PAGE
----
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What are Vectors, Matrices, and Quaternions?

The XNA Framework Math Libraries are in the Microsoft.Xna.Framework namespace alongside a number of additional types that deal with the XNA Framework Application model.

Coordinate system

The XNA Framework uses a right-handed coordinate system, with the positive z-axis pointing toward the observer when the positive x-axis is pointing to the right, and the positive y-axis is pointing up.

Mathematical Constants and Scalar Manipulation

The XNA Framework provides the MathHelper Members class for manipulating scalar values and retrieving some common mathematical constants. This includes methods such as the ToDegrees and ToRadians utility methods for converting between degrees and radians.

Basic Geometric Types

The XNA Framework Math library has multiple basic geometric types for manipulating objects in 2D or 3D space. Each geometric type has a number of mathematical operations that are supported for the type.

Vectors

The XNA Framework provides the Vector2, Vector3, and Vector4 classes for representing and manipulating vectors. A vector typically is used to represent a direction and magnitude. In the XNA Framework, however, it also could be used to store a coordinate or other data type with the same storage requirements.

Each vector class has methods for performing standard vector operations such as:

Matrices

The XNA Framework provides the Matrix class for transformation of geometry. The Matrix class uses row major order to address matrices, which means that the row is specified before the column when describing an element of a two-dimensional matrix. The Matrix class provides methods for performing standard matrix operations such as calculating the determinate or inverse of a matrix. There also are helper methods for creating scale, rotation, and translation matrices.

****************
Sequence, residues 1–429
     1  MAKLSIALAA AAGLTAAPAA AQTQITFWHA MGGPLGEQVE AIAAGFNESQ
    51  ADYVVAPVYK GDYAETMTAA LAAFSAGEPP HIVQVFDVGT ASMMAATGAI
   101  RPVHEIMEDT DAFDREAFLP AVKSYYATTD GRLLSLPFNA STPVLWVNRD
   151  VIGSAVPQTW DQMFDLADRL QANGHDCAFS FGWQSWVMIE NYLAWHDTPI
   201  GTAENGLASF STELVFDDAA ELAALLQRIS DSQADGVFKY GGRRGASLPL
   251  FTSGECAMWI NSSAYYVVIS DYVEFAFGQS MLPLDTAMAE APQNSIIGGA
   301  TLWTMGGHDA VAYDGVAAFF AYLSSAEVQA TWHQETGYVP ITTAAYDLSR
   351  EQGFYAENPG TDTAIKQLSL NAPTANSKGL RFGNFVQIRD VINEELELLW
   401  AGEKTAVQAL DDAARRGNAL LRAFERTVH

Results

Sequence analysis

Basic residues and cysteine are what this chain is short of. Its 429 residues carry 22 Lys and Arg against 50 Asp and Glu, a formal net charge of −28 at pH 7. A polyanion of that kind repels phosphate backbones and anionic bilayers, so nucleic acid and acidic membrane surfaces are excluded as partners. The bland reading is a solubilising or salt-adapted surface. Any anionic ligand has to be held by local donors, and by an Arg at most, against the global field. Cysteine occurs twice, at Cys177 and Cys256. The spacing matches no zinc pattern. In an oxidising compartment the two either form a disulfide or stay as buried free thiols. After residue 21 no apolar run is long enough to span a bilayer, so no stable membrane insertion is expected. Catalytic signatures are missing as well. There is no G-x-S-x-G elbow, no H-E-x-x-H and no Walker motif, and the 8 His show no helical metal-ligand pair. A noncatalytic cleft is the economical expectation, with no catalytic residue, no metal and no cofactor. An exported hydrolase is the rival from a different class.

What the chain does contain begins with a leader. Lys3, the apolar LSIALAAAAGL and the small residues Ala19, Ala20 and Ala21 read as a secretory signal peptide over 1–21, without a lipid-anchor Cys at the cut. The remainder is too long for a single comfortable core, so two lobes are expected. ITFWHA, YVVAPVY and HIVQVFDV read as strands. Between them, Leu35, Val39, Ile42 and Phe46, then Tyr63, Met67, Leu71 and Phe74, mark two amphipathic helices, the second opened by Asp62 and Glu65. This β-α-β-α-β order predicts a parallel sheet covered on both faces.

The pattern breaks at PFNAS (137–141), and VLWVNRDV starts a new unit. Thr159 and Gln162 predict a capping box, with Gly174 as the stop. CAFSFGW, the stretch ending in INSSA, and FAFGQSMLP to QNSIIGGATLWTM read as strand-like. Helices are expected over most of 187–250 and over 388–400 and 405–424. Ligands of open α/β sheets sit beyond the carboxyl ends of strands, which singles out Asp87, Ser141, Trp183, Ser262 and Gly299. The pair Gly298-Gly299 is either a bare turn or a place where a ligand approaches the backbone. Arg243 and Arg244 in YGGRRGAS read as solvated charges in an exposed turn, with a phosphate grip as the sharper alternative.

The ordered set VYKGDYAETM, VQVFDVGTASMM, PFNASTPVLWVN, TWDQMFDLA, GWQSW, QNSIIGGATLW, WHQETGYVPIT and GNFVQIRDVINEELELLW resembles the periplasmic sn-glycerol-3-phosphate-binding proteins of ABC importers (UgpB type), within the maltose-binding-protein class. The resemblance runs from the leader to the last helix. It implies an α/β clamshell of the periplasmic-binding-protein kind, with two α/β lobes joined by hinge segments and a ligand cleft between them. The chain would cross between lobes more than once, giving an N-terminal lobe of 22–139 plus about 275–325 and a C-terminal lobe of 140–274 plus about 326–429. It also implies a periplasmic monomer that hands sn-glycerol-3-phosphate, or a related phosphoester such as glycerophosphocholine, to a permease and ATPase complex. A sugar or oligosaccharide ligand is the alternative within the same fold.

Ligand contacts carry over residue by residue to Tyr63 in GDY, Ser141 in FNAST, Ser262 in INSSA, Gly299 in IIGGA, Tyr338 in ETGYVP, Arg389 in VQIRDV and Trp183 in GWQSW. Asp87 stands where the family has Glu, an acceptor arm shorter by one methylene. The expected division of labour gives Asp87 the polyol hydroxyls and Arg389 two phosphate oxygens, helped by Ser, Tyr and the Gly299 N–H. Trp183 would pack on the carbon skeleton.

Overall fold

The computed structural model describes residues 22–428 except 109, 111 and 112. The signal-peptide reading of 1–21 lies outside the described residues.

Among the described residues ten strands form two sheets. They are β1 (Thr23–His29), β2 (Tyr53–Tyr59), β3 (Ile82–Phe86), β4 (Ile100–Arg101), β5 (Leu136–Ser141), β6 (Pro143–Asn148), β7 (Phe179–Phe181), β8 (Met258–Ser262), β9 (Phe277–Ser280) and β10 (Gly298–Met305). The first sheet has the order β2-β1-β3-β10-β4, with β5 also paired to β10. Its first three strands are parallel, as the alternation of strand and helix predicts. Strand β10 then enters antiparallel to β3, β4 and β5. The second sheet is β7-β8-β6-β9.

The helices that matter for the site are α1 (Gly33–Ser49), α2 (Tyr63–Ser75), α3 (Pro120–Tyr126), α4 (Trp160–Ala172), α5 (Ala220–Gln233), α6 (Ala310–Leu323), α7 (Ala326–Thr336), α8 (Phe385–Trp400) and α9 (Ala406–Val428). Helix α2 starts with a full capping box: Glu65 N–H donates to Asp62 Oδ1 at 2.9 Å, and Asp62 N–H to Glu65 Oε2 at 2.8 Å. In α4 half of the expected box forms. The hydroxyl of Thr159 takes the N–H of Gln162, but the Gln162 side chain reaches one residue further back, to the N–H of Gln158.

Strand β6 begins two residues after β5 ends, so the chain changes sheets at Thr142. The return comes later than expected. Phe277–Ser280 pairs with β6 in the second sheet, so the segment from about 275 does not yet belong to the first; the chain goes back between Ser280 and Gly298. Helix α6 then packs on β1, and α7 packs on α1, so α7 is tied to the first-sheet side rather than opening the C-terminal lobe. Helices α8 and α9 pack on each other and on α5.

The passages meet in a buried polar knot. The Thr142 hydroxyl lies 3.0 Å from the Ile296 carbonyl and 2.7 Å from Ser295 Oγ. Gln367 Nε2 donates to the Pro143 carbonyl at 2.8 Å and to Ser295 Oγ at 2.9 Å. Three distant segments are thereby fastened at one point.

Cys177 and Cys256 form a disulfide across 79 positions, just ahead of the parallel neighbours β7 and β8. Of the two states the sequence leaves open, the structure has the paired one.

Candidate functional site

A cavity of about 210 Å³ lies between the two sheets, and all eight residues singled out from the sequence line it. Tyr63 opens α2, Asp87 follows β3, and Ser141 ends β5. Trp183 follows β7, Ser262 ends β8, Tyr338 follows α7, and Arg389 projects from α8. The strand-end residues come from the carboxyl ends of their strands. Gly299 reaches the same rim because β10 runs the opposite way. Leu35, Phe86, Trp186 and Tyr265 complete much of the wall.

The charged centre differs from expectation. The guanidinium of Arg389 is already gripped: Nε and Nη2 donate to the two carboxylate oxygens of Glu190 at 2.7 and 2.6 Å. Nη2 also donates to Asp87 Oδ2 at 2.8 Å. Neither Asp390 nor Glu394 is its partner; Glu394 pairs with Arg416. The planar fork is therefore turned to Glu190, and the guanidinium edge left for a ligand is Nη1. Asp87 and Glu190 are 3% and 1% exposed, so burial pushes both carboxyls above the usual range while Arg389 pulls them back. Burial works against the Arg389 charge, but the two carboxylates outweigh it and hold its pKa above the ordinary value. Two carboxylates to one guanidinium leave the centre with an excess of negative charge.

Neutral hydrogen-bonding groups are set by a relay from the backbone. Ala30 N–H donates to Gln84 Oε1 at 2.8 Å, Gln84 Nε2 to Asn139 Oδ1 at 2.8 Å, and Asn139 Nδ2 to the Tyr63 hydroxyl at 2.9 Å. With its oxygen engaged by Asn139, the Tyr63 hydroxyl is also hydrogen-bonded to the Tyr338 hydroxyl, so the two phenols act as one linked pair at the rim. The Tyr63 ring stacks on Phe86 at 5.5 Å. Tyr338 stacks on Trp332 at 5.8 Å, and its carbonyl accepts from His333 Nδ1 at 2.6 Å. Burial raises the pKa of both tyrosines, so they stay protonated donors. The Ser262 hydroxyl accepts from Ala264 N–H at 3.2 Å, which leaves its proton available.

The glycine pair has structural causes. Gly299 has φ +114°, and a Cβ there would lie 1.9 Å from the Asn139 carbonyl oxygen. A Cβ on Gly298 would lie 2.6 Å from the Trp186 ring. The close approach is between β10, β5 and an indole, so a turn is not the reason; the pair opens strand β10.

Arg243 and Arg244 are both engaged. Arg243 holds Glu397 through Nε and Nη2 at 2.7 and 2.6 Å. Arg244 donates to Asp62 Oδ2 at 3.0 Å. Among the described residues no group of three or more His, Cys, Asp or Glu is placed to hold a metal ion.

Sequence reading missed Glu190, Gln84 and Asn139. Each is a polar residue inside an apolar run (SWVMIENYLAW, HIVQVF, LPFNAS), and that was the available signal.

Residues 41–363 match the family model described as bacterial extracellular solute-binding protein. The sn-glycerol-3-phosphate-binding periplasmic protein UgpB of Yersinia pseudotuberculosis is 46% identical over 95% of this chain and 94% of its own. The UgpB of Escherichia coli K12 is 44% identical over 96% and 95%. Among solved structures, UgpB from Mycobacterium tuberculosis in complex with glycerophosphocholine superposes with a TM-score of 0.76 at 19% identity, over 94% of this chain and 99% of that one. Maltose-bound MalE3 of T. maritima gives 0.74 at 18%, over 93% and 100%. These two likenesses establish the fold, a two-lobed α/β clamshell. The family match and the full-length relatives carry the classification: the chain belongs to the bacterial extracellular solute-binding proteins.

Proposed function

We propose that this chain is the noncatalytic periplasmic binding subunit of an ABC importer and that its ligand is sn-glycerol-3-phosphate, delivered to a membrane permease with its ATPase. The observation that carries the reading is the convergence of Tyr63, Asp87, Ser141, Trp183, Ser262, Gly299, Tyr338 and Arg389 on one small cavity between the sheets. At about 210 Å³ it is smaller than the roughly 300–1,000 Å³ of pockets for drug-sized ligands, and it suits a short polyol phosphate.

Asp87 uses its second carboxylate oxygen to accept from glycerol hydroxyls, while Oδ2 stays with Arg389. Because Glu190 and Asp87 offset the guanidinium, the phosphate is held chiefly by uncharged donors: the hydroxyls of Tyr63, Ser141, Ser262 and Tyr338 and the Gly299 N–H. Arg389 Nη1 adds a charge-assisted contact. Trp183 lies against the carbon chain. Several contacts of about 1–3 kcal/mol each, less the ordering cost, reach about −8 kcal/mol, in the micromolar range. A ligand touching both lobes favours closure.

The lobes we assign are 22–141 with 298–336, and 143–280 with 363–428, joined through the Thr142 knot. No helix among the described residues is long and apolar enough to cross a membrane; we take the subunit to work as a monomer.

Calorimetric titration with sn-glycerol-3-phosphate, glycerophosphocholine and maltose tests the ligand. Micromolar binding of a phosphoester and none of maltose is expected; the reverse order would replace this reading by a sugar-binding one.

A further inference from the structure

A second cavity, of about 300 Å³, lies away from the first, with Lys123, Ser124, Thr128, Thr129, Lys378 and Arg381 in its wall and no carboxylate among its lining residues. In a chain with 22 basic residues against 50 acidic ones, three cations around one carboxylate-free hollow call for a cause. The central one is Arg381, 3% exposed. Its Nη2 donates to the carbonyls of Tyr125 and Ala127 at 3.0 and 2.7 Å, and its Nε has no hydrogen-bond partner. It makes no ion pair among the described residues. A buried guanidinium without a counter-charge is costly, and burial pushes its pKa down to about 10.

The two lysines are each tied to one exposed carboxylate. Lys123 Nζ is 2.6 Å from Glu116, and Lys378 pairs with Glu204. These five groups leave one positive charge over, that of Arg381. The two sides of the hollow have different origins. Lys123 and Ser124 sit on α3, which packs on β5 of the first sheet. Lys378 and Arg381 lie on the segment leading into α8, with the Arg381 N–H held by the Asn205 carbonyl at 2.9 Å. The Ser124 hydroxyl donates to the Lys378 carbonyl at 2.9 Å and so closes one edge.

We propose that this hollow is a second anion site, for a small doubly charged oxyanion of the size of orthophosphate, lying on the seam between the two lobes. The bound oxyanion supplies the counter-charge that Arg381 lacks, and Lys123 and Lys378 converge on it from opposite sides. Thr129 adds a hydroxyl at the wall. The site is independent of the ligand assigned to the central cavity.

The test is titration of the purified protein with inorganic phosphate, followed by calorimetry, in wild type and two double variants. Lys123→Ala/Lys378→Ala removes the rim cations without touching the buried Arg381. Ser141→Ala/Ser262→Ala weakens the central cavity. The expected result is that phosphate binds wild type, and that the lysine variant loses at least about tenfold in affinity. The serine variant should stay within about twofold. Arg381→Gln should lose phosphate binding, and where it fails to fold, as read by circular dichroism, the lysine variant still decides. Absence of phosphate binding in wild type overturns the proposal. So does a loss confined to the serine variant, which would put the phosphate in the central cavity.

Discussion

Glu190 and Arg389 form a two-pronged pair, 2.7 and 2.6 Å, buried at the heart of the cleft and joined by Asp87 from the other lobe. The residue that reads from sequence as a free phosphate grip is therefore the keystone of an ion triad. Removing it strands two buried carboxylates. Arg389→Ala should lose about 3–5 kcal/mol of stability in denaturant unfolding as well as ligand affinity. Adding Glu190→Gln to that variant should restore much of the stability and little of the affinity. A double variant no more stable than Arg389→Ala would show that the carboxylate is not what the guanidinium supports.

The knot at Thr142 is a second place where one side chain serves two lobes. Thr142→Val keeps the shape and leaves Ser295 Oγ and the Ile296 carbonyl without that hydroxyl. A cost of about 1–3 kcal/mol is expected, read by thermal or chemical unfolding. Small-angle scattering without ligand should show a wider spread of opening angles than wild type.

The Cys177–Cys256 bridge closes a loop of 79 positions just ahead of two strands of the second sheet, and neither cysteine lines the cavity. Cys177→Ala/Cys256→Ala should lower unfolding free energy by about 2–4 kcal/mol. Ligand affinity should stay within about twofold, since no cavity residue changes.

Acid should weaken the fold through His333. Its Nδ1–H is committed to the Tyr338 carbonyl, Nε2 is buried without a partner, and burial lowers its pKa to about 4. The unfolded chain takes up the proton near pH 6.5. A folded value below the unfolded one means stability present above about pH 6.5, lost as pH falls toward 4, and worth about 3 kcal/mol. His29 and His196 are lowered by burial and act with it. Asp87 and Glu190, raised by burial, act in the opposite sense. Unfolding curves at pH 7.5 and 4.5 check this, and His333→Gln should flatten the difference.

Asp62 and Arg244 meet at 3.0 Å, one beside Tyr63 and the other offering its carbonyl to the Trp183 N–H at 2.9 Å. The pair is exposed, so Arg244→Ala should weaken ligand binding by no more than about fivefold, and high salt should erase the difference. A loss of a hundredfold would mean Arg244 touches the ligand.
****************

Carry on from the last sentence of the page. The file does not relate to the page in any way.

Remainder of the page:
Quaternions

The XNA Framework provides the Quaternion structure to calculate the efficient rotation of a vector by a specified angle.

Curves

The Curve class represents a hermite curve for interpolating varying positions at different times without having to explicitly define each position. The curve is defined by a collection of CurveKey points representing each varying position at different times. This class can be used not only for spatial motion, but also to represent any response that changes over time.

Bounding Volumes

The XNA Framework provides the BoundingBox, BoundingFrustum, BoundingSphere, Plane, and Ray classes for representing simplified versions of geometry for the purpose of efficient collision and hit testing. These classes have methods for checking for intersection and containment with each other.

Precision and Performance

The XNA Framework Math libraries are single-precision. This means that the primitives and operations contained in this library use 32-bit floating-point numbers to achieve a balance between precision and efficiency when performing large numbers of calculations.

A 32-bit floating-point number ranges from –3.402823e38> to +3.402823e38. The 32 bits store the sign, mantissa, and exponent of the number that yields seven digits of floating-point precision. Some numbers—for example π, 1/3, or the square root of two—can be approximated only with seven digits of precision, so be aware of rounding errors when using a binary representation of a floating-point number. For more information about single-precision numbers, see the documentation for the Single data type.

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